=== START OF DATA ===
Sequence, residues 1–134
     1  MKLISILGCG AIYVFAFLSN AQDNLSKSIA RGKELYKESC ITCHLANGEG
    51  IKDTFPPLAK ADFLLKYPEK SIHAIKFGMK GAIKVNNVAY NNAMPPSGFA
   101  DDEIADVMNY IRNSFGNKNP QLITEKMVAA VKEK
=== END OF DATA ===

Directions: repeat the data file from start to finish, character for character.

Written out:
Sequence, residues 1–134
     1  MKLISILGCG AIYVFAFLSN AQDNLSKSIA RGKELYKESC ITCHLANGEG
    51  IKDTFPPLAK ADFLLKYPEK SIHAIKFGMK GAIKVNNVAY NNAMPPSGFA
   101  DDEIADVMNY IRNSFGNKNP QLITEKMVAA VKEK